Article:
Big Ten hockey begins as sport enters new eraBy DAVE CAMPBELL , Associated Press
Sep. 19, 2013 7:24 PM ET
ST. PAUL, Minn. (AP) — The Big Ten is ready to take the ice.
The venerable conference built by storied football programs is about to start its first sanctioned hockey season.
"Big Ten anything is a big deal, no matter what sport it is, and it's an honor to be a part of such a prestigious league," said Penn State junior forward Tommy Olczyk.
Coaches and key players from all six teams assembled on Thursday at Xcel Energy Center, the site of the inaugural conference tournament from March 20-22. That event will alternate between St. Paul and Joe Louis Arena in Detroit in the coming years.
The Big Ten formation shook up the sport at the major college level, resulting in the creation of a second league (National Collegiate Hockey Conference), the dilution of one (Western Collegiate Hockey Association) and the extinction of another (Central Collegiate Hockey Association). But the coaches and players were naturally buzzing with excitement about the new setup, rather than lamenting the loss of some long-running conference rivalries.
"There is a little trepidation with some of the fans at times, but I do believe that they're going to see we're going to have at Minnesota the best of both worlds," Gophers coach Don Lucia said. "We're part of the Big Ten. We'll continue to play our in-state rivals, a lot of our former rivals from the WCHA over time, and I think it's going to be a very successful move for us in our program."
Lucia added: "After a few years, it becomes the new norm. Fans start to see the way the conferences are, and all of a sudden, you don't know any different."
Michigan coach Red Berenson, who played for the Wolverines in the late 1950s when they were in the WCHA with the Gophers, recalled a fierce rivalry with the potential for a modern renewal.
"Whenever we played Minnesota you could tell just from the fans it was like a Stanley Cup game, and I'm hoping that's what we get back into this conference," Berenson said.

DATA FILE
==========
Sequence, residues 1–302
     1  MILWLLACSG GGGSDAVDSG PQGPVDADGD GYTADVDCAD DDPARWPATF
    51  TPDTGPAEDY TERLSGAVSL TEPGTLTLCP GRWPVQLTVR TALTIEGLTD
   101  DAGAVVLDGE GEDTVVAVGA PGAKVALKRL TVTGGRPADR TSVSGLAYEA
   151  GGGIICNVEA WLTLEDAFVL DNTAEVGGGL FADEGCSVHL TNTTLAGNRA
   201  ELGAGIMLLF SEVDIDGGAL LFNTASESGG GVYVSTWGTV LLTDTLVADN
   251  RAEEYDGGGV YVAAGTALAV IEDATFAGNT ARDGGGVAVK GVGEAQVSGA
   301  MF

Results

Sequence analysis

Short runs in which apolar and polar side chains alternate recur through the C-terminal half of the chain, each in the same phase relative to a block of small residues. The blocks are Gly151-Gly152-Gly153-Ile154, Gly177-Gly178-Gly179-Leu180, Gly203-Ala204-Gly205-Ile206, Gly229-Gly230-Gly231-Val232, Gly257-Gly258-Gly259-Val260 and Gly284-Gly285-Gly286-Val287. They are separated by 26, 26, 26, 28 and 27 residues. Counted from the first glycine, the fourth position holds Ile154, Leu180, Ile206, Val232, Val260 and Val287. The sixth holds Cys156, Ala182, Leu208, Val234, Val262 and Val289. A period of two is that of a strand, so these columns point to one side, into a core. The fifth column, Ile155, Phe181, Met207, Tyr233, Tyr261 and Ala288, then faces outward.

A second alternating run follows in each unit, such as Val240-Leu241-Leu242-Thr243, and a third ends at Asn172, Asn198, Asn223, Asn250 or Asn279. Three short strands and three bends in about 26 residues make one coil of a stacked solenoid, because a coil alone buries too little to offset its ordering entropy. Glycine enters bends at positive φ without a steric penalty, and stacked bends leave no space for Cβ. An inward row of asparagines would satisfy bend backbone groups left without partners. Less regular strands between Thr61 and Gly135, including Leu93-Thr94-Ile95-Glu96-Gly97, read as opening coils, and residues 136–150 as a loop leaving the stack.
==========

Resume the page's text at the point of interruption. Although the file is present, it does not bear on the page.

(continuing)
The league's first official game will be on Oct. 10 when Michigan hosts Boston College, and the Big Ten Network is planning to show Friday night doubleheaders throughout the winter, the hallmark of the enhanced brand these programs are anticipating. Michigan, Michigan State and Ohio State came from the CCHA, and Minnesota and Wisconsin left the WCHA. Penn State, which played as an independent in its inaugural season in the sport, is the upstart underdog.
"If we recruited you to come to Penn State, we believe you're someone hungry to accept that challenge," coach Guy Gadowsky said. "We don't know. Trust me, we're not naive. We understand very well how great the programs are in the Big Ten Conference."
With the visibility of the Big Ten Network, there's not much doubt about this six-team league becoming a financial success, even if purist fans will take a while to get over the change. There's an anxiety shared around the sport, though, about the viability of the lower-profile leagues, particularly the new-look WCHA now filled with schools that play in Division II in other sports. Programs used to hosting Minnesota in WCHA games or Michigan in CCHA contests could have a harder time selling tickets and recruits.
Michigan State coach Tom Anastos formerly served as CCHA commissioner, so he felt the loss as hard as anyone.
"It's not bittersweet. I'm over it," Anastos said. "What I'm happy about is the CCHA had a very nice run. All the programs have found a home, and I think the Big Ten opportunity is very exciting, both for our member schools and I think for college hockey. So I think there is a lot of good stuff in store."
The collective hope for the future is that other schools will follow Penn State's lead and add hockey as a varsity sport rather than pull the plug on a floundering program.
"Expansion is always good because there's a ton of youth hockey players out there who have a dream of playing college hockey," Wisconsin defenseman Frankie Simonelli said.
The NCHC took North Dakota, Denver, Colorado College, Minnesota Duluth, St. Cloud State and Nebraska Omaha from the rest of the WCHA core and added Miami and Western Michigan from the CCHA. But despite the reach of the Big Ten Network and the tradition and size of those schools, the NCHC hasn't flinched.
"The Big Ten really hasn't out-recruited our league at all," Nebraska Omaha coach Dean Blais said at Target Center in Minneapolis, where the NCHC held its preseason media session at the site of its conference tournament. "One consistent thing is that we're going to be down here at the Target Center every year. Minnesota and Wisconsin are going to be moving back and forth from the Xcel every other year. So we're going to get a lot of Minnesota fans over here when they go to the Joe."
Said North Dakota coach Dave Hakstol: "I have no interest in trying to be what somebody else is. We're going to stay very deeply rooted in the tradition of what our program is, recruit to that tradition and continue to be very strong in the areas where we've traditionally been strong."
Associated Press freelance writer Jess Myers contributed to this report from Minneapolis.
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